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Preclinical, observational, and clinical data consistently show that non-steroidal anti-inflammatory drugs (NSAIDs)—particularly aspirin—reduce colorectal carcinogenesis.1 Scores of animal studies show that NSAIDs inhibit the development of colorectal neoplasia across the spectrum of disease, ranging from aberrant crypt foci (ACF) to cancer.2 Human data confirm these findings with dozens of observational studies reporting 40–50% reductions in colorectal adenoma incidence, cancer incidence, and cancer associated mortality among aspirin users. The most compelling data were published earlier this year. Two randomised placebo controlled trials conducted in patients at moderate risk for colorectal cancer reported that aspirin administered at doses as low as 81–325 mg/day reduced the development of adenomas by up to 35% after a few years of use.3,4 In one trial, greater effects were seen against more advanced lesions.3
Colorectal adenomas are established as common non-obligate precursors of colorectal cancer.5 Within the last decade, ACF have been identified in rodent models of carcinogenesis, and have been proposed as precursors of colorectal adenomas and cancers.6 With the use of recently developed high resolution/magnifying endoscopes, researchers are now making quantitative (for example, number, size, crypt multiplicity) and qualitative (for example, morphology) real time in vivo assessments of ACF in humans.7 ACF—or at least a subset of them—may represent important risk markers for adenoma-carcinoma development in humans. They may also serve as markers of chemopreventive response. Thus although relatively little is known about ACF and their relevance to more advanced stages of colorectal neoplasia in humans, they provide an important and promising focus for additional research.
In this issue of Gut, Shpitz and colleagues8 weave together these two investigational threads [see page 1598]. This group describes an association between aspirin use and reduced ACF prevalence and histopathological distribution in ex vivo specimens obtained from 194 patients with colorectal cancer. Among patients who used aspirin for at least one year, they observed a 47% reduction in specimens harbouring ACF, a 64–82% reduction in ACF per cm2 of colorectal mucosa, and a 52% reduction in dysplastic ACF. Although ACF reductions were observed in all anatomical sites, the reductions tended to be more dramatic in the distal colorectum. These findings suggest that aspirin taken at 100 mg/day over at least one year may exert chemopreventive effects against the early stages of colorectal carcinogenesis.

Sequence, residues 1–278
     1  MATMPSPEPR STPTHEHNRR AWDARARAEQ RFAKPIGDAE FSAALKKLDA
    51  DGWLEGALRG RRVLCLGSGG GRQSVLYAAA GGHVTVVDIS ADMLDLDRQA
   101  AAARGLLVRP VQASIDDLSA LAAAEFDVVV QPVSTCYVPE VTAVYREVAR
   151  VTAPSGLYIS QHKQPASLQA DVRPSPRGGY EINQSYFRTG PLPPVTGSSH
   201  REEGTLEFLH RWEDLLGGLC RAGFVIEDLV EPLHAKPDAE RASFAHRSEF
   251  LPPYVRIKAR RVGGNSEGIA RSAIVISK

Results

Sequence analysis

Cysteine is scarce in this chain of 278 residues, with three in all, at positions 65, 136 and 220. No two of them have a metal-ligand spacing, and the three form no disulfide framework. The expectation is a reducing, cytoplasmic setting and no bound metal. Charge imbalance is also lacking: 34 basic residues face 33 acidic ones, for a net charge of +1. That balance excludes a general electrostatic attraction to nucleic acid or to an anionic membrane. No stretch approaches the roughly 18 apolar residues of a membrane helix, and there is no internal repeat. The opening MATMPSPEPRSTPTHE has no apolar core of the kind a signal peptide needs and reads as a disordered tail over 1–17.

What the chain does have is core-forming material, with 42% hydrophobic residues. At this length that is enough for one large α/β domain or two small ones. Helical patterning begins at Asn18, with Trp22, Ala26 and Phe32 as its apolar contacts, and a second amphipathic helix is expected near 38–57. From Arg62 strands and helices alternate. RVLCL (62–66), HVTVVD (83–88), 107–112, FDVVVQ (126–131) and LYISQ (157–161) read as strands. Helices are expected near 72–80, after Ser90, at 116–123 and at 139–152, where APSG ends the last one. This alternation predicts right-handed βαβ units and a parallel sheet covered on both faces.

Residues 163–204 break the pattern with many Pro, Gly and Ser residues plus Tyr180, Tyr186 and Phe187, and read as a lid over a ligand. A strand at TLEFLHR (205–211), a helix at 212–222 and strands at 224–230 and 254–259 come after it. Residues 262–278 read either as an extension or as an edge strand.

While intriguing, these data must be interpreted cautiously. Firstly, the study groups differed with regard to variables that may influence baseline risks for colorectal neoplasia and/or aspirin use, such as gender (males 84% v 52% in the aspirin and control groups, respectively) and age (aspirin users were much more homogeneous than controls). The investigators do not address the potential impact of these imbalances on the study results, nor did they adjust for them in the analysis. Because we have scant information about ACF, these variables may have confounded interpretations of the effects of aspirin. In addition, the investigators did not report study participants’ dietary habits and their use of concomitant medications. Preclinical studies suggest that the latter two exposures may modulate ACF and therefore these limitations may be particularly important.9–12 Secondly, without power estimates, it is impossible to know whether the lack of statistical significance for certain variables is true or merely reflects the small sample size. Finally, the selection of the study cohort is not described in detail; therefore, the generalisability of these study results is uncertain.